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  5. "Eu moro no primeiro andar."

"Eu moro no primeiro andar."

Translation:I live on the first floor.

May 10, 2013



Is this the floor at ground level (as in US usage) or the first floor above the ground (as in the UK)?


at the ground level (unless the garage is not under the ground)


Thank you!

In the UK we call this the 'Ground Floor', the level above this would be the 'First Floor' and so on.


ground floor: térreo. But primeiro andar is used interchangeably with térreo, unless the "térreo" isn't at the level ground (as quoted, if there is a garage at the ground level).


In Portugal it appears to be more common to use "rés-do-chão" or "R/C" for ground floor and then "primeiro andar" is the first floor, above the ground floor - like in the UK. So, in Brazil it is the US way, but in Portugal it appears to be the UK way.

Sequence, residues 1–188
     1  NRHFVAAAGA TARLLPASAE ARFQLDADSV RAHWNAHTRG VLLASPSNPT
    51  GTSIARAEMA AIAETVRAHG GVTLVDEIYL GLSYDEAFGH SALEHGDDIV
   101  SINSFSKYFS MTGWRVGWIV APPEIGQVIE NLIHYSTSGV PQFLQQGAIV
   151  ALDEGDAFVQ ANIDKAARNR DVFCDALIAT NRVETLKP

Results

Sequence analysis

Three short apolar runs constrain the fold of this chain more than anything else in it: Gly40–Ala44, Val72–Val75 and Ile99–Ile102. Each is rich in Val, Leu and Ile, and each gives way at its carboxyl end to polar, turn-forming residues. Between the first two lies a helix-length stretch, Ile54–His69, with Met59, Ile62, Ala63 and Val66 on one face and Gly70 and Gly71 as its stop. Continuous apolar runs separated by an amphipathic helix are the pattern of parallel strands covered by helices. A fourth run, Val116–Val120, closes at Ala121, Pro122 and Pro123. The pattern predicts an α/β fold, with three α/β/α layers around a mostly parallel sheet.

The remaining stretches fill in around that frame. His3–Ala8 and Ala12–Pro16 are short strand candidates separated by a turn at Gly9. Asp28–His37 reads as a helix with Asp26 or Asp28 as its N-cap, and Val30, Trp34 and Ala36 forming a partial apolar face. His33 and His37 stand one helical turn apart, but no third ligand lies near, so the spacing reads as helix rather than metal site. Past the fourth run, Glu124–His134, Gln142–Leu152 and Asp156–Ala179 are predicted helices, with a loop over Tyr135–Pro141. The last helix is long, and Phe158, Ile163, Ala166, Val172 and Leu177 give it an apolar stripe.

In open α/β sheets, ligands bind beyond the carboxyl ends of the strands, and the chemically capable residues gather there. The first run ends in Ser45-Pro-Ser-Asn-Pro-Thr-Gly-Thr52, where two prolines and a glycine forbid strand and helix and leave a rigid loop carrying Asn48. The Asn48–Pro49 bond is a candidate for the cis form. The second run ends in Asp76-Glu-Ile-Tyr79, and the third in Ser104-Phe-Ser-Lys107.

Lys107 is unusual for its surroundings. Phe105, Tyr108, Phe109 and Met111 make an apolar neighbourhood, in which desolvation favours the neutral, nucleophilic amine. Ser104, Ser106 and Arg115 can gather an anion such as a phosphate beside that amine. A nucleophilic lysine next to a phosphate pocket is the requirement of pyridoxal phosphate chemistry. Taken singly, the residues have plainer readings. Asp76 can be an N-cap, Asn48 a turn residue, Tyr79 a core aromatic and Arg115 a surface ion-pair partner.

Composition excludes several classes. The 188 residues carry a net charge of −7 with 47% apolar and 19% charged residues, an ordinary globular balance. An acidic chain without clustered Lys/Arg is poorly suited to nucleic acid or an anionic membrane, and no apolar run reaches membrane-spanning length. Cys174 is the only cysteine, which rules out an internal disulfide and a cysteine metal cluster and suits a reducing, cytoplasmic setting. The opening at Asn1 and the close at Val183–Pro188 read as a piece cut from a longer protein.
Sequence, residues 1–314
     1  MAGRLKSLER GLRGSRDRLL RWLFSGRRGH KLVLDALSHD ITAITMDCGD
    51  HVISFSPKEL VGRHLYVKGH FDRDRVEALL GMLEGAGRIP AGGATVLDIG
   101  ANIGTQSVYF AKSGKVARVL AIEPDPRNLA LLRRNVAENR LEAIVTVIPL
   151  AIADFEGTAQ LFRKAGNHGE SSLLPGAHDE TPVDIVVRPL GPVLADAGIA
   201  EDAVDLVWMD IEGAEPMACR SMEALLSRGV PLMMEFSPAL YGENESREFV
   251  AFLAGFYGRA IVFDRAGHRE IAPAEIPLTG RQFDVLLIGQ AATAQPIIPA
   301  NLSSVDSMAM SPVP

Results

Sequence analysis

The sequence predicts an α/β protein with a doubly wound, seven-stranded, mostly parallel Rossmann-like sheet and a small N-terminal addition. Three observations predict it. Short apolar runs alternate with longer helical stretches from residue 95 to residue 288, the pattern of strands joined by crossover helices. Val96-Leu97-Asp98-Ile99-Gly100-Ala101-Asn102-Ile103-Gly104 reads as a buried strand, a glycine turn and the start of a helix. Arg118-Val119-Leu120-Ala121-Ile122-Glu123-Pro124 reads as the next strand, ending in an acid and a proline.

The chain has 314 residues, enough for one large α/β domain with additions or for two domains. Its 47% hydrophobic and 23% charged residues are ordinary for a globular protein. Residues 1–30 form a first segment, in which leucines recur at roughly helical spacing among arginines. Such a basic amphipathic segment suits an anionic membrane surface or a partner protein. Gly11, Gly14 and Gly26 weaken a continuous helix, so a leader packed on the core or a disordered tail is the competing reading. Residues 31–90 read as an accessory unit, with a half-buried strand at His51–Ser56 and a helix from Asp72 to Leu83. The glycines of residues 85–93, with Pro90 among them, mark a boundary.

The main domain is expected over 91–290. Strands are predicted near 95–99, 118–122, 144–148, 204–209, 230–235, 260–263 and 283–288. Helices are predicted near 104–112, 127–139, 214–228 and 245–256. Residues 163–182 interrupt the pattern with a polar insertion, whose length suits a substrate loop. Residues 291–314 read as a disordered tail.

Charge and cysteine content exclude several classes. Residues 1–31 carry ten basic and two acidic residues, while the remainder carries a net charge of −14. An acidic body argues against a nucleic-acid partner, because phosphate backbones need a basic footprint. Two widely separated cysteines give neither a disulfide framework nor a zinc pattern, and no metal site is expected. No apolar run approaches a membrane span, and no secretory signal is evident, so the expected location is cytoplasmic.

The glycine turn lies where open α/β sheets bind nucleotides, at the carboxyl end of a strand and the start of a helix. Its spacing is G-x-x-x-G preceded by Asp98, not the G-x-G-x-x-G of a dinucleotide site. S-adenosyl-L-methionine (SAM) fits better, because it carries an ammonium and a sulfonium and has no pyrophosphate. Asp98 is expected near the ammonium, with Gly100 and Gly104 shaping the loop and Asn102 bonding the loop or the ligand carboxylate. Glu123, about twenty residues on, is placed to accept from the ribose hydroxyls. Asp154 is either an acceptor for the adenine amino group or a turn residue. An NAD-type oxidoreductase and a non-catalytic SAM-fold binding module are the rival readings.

Not in Brazil. Usually "primeiro andar" is the first floor above the ground, and you must press the number 1 button in the "elevador" (eleva'dôr) to reach it.

The ground level is the "térreo" and you must hit the button "T" (or 0 in some modern buildings) to reach it.


The verb "to live" is mixing me up so much because in French...Italian...Spanish...moro would be related to "to die". :-P


Its similar in Portuguese. Eu moro - i live, eu morro - i die. The pronunciation is different ;)


Why andar and not piso?


We dont use "piso" so frequently, but andar.... if you go further, you'll see another answer which is more complete


Qual é a diferençia entre vivo e moro?

[deactivated user]

    Neste caso nenhuma diferença


    "I live at the first floor" couldn't be accepted? Obrigado.


    The pronounce of "moro" is wrong. It is an open o.

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